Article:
ATA Webinar about Converting and Translating PDF Files

I will be teaching a one-hour webinar on September 22, titled Working with PDF Files–Part 2: Converting and Translating PDF Files. It’s not meant to be a Trados Studio webinar but it will discuss the main problems in translating PDF files in general. You can find more about the content and registration following the above link.

What Does the New Studio 2011 Mean for Compatibility with Non-Studio Users

One of the major areas of improvement in the new 2011 version is its improved compatibility with translators/editors/agencies that don’t use Trados Studio. One of my favorite topics during the past two years has been the methods to overcome the various (in)compatibility issues between Studio 2009 and Trados 2007. With the new 2011 version, everything will be much easier, and excuses like “I can’t use Studio because my clients don’t use it” or “I can’t use Studio because my clients need uncleaned Word files” don’t have any merit anymore.

So, how is it done? For a background, you might want to take a look at my earlier articles about this topic in reference to Studio 2009. The first one is here and the second one here. All the options I mention in the first one, such as sending the monolingual translated file and a matching translation memory in TMX format, or using TagEditor files, are all still valid options. The main difference is that if your client really needs an uncleaned Word file you can provide that directly from Studio 2011. With Studio 2009, you had two options: 1) Give up and translate the file in Word using Trados Workbench, or 2) Translate the file first in Studio and then again with Workbench (utilizing the TM from Studio). I covered these two options in the above mentioned second article. However, in Studio 2011, you can open a presegmented bilingual Word file directly in Studio and after translating the file save it in the same format. The translated file would look exactly like it was done in Trados 2007. Note, however, that the file has to be completely presegmented in Trados Workbench first before opening it in Studio.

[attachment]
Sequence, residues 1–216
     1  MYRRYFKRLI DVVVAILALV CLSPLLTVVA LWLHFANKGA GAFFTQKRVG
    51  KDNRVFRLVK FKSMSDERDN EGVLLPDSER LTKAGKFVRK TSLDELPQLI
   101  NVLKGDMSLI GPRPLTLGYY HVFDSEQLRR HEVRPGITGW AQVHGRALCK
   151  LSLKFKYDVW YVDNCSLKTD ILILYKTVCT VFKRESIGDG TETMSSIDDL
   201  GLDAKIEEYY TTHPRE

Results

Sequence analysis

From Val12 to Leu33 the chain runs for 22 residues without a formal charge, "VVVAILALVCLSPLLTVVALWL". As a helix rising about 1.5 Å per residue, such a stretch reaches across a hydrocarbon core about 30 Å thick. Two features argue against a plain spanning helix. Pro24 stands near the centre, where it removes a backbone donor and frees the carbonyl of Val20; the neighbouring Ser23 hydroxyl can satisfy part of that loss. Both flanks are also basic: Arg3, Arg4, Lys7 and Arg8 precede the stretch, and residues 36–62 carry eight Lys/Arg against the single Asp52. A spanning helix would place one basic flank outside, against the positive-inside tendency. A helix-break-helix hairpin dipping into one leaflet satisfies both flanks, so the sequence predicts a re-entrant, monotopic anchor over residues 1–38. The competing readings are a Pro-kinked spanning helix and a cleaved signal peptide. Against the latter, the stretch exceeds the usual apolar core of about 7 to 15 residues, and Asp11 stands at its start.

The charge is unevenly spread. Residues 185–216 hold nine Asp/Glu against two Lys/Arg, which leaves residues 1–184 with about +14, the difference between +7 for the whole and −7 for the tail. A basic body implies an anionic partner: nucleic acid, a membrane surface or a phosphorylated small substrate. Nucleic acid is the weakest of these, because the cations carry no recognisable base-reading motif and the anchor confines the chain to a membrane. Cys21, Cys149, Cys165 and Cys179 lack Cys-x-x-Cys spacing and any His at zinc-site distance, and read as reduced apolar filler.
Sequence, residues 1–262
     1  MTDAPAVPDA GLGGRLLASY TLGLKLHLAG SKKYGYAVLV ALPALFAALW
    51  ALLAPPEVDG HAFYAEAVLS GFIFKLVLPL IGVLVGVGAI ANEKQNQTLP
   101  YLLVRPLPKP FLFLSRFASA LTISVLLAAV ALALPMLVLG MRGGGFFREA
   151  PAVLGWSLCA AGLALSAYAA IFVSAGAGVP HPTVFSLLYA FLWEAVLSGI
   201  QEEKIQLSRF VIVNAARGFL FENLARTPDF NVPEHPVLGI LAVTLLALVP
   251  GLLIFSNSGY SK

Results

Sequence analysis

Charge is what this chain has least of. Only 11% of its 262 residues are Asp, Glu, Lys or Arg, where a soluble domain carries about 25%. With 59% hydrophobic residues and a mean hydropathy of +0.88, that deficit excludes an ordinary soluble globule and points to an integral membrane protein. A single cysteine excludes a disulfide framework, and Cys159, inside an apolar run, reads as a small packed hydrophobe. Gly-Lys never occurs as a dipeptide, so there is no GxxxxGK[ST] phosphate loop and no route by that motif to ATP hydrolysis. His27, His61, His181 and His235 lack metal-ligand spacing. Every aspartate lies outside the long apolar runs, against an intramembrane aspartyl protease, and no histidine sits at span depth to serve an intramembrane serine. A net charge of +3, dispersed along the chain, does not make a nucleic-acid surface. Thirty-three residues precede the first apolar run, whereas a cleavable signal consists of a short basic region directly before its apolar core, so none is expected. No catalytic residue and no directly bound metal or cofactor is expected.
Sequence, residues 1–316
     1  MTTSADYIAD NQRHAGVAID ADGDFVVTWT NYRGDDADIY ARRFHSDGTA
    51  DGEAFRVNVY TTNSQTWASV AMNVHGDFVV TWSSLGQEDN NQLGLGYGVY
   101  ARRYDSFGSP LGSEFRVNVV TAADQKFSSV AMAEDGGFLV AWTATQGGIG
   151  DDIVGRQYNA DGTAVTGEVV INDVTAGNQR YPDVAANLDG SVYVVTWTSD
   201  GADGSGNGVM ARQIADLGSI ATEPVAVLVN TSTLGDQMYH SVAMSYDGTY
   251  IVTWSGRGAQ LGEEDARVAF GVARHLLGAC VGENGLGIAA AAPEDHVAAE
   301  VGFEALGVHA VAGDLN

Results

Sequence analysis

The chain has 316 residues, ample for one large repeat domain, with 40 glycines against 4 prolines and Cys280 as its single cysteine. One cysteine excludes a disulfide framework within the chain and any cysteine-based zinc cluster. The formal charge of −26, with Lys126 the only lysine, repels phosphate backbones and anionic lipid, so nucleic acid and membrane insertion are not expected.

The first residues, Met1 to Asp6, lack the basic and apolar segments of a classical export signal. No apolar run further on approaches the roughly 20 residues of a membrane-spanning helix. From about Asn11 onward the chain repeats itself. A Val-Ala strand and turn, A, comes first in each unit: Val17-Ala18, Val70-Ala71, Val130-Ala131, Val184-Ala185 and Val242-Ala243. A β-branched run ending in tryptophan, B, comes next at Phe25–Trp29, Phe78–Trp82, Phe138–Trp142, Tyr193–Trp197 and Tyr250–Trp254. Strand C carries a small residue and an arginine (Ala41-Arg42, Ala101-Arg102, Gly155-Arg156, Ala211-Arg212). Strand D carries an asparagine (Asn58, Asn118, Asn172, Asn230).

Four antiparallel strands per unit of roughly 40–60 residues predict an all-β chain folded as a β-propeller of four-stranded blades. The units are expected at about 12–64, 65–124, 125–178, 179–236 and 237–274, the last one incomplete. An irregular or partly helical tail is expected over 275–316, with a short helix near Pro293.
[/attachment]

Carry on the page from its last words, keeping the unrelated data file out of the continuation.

As I had mentioned before, the SDL blog has a good explanation on how bilingual Word files can be used in the new Studio 2011. You can find the article here. It also shows some other nifty new features, such as quick TM upgrade and new display filters.

I have been using Studio 2011 (beta and RC) for almost two months now and have translated a few bilingual Word files with it. Generally speaking, the process has worked very well and my client got their “old-fashioned” Word file while I was able to use multiple TMs, Auto Suggestion and all the other helpful Studio features.  I have encountered some issues with formatting and tags but hopefully those will be fixed in the final release. There are also some unrelated Studio settings that can interfere with the conversion process, but again, I will wait for the final release before commenting on those and show how to avoid the problems.

Another thing that improves compatibility with non-Studio users, is the SDL XLIFF Converter tool that became available last fall. It’s now part of the Studio 2011 package and includes some new settings. Unfortunately, it’s still a separate application and cannot be used from within Studio. However, what’s new is that it gets installed automatically during Studio 2011 installation (together with some other OpenExchange apps) which saves you the installation hassle.

By the way, if you are interested in the other Studio 2011 improvements, you can find more info in the online Help and the SDL Trados Studio 2011 Release Notes. There’s also a Sneak Peek at Studio 2011 webinar on September 21.